Venous Thromboembolism Can Occur In All Racial And Ethnic Groups, Both Sexes, And All Ages
Venous Thromboembolism (VTE)

Venous Thromboembolism (VTE) refers to deep vein thrombosis (DVT) or pulmonary embolism (PE). DVT is characterised by the production of thrombi in deep veins, most commonly the major veins of the legs or pelvis. PE occurs when thrombi dislodge from venous clots and move from the heart to the pulmonary arteries. Sudden death is the presenting symptom of PE in many people. VTE can be classified as either provoked or unprovoked. This classification affects the likelihood of recurrent VTE and the length of anticoagulant medication. Primary care physicians must have a thorough understanding of the aetiology and causes of thrombosis in order to develop evidence-based therapeutic and preventive patient care programmes that sufficiently prevent recurrent VTE.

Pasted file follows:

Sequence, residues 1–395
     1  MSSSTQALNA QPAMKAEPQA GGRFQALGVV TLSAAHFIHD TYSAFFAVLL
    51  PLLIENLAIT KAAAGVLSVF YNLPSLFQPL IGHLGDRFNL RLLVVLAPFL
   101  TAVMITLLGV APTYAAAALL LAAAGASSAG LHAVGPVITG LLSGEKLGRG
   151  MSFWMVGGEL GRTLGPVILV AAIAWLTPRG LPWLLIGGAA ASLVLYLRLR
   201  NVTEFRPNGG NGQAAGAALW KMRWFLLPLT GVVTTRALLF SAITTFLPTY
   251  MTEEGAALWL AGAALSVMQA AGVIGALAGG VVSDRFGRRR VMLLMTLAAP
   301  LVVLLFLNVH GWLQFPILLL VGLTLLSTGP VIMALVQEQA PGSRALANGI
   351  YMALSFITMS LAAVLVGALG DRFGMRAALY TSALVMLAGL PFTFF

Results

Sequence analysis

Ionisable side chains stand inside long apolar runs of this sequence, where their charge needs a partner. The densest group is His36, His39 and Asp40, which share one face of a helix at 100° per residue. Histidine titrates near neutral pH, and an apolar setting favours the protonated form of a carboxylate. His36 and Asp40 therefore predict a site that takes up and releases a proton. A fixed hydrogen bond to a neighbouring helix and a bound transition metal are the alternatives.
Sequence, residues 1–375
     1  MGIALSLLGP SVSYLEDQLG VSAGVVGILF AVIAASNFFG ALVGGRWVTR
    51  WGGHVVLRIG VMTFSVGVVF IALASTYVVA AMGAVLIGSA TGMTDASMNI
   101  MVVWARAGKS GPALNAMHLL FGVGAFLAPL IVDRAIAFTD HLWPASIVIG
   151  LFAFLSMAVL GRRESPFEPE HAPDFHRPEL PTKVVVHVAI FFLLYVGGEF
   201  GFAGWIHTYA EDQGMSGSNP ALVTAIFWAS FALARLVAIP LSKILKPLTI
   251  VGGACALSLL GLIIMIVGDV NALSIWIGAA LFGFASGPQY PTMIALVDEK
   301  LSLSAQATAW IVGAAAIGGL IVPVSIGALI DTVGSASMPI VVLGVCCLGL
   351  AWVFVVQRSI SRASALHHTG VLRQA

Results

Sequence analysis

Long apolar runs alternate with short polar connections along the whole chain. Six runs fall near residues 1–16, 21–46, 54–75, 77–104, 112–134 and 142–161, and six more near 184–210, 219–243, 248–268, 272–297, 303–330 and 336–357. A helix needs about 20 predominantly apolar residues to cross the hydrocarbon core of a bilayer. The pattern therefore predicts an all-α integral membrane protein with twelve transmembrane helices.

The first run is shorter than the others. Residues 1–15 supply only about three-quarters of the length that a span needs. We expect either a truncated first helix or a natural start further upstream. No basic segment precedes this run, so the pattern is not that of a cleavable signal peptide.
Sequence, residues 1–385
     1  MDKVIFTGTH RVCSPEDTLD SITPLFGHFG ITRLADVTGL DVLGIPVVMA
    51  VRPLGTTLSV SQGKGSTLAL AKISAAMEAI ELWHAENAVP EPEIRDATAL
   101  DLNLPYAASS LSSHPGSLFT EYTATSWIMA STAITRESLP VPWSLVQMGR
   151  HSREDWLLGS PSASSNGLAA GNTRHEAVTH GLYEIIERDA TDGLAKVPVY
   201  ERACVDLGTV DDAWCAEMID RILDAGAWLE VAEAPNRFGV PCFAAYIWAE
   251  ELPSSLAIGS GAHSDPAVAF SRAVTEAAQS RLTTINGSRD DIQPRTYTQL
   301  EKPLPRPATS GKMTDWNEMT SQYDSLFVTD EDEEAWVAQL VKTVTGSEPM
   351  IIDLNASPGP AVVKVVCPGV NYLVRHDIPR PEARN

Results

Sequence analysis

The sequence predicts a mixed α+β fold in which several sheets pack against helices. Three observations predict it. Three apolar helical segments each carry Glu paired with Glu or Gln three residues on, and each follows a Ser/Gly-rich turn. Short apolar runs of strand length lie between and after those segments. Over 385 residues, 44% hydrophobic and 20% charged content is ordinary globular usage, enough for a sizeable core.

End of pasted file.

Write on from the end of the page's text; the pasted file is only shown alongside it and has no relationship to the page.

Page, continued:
Venous Thromboembolism (VTE) is the clinical term for deep vein thrombosis (DVT) or pulmonary embolism (PE). VTE may affect up to 900,000 people in the United States each year, with up to 100,000 dying as a result. 1 VTE risk increases with age, with those 70 and older accounting for 60% of all VTE incidents. The overall incidence of VTE in the general population is 1 to 2 per 1000 person-years, but it jumps to 8 per 1000 person-years in those over the age of 85.

Read More-